Effects of Organic Farming

1. From the farmer’s point of view –

  • The fertility of the soil increases. The productivity of crops increases and the farmer earns more income.
  • Reducing the dependence on chemical fertilizers leads to lower costs.
  • It preserves the ancient and indigenous knowledge of cultivating farmers.
  • The increase in the demand for organic material in the international market increases the income of the farmers.

2. From the point of view of soil –

  • It provides nutrients to the soil slowly to the plants and thus the effect of this fertilizer lasts for many years.
  • It increases the essential elements like nitrogen, potash, phosphorus, and calcium in the soil and thus helps in improving the physical properties.
  • The use of organic manure retains the moisture in the soil for a long time.
  • Some nitrogen-rich beneficial substances are found in organic fertilizers, which help in the rapid growth of plants.
  • It helps in soil conservation and water conservation.

3. Environmentally –

  • Waste is used to make Manu
  • Where the quality of our resources decreases with chemical agriculture, our resources are conserved by organic agriculture.
  • Agricultural biodiversity is conserved.

Organic Farming Problems / Constraints 

Shortage of compost in India, the nutrient gap in organic material, complexity in collection and processing from waste, lack of package to incorporate organic farming practices with the cost-benefit ratio of different crops, and farmers without financial support It is difficult to adopt. Apart from this, there are many obstacles to the progress of organic farming:-

1. Lack of awareness – Farmers also lack knowledge of using modern techniques for compost preparation. Most of the farmers do this by digging a pit and filling it with a small amount of waste. Often the pit gets filled with rain water and as a result, the upper part of the waste is not fully composted and the lower part becomes like a hard pot. There is a need to provide proper training to the farmers about the preparation of organic compost.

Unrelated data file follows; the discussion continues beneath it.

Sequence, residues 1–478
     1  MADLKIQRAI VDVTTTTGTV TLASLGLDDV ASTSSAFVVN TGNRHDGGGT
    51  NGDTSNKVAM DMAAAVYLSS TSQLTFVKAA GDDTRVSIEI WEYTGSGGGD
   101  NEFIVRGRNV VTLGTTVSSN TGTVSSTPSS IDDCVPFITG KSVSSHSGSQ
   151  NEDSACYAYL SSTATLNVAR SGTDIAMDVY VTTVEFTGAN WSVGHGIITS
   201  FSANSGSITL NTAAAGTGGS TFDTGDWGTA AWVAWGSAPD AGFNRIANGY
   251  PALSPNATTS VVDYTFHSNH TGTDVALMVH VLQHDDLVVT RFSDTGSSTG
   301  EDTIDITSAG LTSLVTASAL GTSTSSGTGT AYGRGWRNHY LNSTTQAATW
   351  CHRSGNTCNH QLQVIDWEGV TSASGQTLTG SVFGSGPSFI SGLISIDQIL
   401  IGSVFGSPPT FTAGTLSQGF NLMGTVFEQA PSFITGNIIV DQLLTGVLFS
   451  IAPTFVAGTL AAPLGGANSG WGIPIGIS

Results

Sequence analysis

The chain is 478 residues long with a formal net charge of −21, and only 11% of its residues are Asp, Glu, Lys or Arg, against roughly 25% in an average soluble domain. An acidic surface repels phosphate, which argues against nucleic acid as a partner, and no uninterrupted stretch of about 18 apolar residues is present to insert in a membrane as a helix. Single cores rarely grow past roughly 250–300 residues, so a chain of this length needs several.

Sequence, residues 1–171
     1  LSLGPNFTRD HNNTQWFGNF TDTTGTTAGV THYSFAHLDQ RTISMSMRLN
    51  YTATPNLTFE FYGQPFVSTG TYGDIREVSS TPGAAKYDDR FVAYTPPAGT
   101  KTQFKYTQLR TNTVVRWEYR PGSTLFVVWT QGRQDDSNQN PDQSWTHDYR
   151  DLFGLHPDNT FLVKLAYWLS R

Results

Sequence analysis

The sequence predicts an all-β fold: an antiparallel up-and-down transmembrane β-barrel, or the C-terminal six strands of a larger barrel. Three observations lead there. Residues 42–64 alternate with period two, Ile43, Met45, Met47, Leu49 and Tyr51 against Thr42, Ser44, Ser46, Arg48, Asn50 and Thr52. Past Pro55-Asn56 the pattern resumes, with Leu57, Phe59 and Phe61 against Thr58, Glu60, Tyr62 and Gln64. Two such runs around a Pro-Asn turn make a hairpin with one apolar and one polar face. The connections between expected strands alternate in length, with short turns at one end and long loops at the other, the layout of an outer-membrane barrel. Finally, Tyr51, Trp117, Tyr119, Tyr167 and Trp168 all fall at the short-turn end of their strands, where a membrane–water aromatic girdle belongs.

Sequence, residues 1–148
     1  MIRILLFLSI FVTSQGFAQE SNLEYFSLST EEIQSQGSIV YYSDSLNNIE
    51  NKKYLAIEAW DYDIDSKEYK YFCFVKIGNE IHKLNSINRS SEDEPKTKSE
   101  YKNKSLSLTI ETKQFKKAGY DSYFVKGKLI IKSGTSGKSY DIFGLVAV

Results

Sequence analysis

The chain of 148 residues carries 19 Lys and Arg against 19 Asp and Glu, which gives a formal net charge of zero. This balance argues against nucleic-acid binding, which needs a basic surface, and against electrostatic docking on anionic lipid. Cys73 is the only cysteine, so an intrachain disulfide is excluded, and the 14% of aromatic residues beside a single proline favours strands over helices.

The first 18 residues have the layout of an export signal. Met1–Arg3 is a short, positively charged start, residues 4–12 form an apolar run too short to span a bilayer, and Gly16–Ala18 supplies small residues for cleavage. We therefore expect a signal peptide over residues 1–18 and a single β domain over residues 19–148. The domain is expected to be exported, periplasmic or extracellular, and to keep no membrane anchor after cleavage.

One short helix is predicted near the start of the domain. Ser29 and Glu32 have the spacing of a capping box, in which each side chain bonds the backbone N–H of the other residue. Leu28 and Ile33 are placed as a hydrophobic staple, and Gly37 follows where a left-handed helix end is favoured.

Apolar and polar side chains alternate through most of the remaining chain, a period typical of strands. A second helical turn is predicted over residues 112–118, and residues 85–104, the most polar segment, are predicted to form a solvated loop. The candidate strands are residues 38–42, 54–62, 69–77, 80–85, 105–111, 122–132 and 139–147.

2. Marketing problem – It is found that before starting the cultivation of organic crops, they are marketable and ensure profit in comparison to conventional products. Evidence has been found that farmers of organic wheat in Rajasthan got lower prices than traditional wheat farmers. The cost of marketing both types of products was also similar and buyers of wheat were not ready to pay higher prices for the organic variety.

3. High cost – Small and marginal farmers of India have been doing a type of organic farming as a traditional farming system. They use local or their own resources to regenerate the farms in such a way that the eco-friendly environment is maintained. Organic fertilizers cost more than chemical fertilizers. Groundnut cakes, neem seeds and their cake cakes, organic compost, manure, cow dung, and other manures have been used as organic manures. Due to the increase in their prices, they are becoming out of reach of small farmers.

4. Lack of financial assistance – No assistance is given by the Central and State Governments for the marketing of organic products. Even there is a complete lack of financial process to promote organic farming.

5. Inability to meet export demand – There is a great demand for organic products in developing countries like the USA, the EU, and Japan. The American consumer is ready to pay 60 to 100 percent remunerative price for organic products. Market surveys conducted by the International Trade Center (ITC) in the year 2000 indicated that the demand for organic products in many parts of the world markets has increased, while the supply of organic products has not been able to. The export of organic materials in India is found to be lacking in incentives.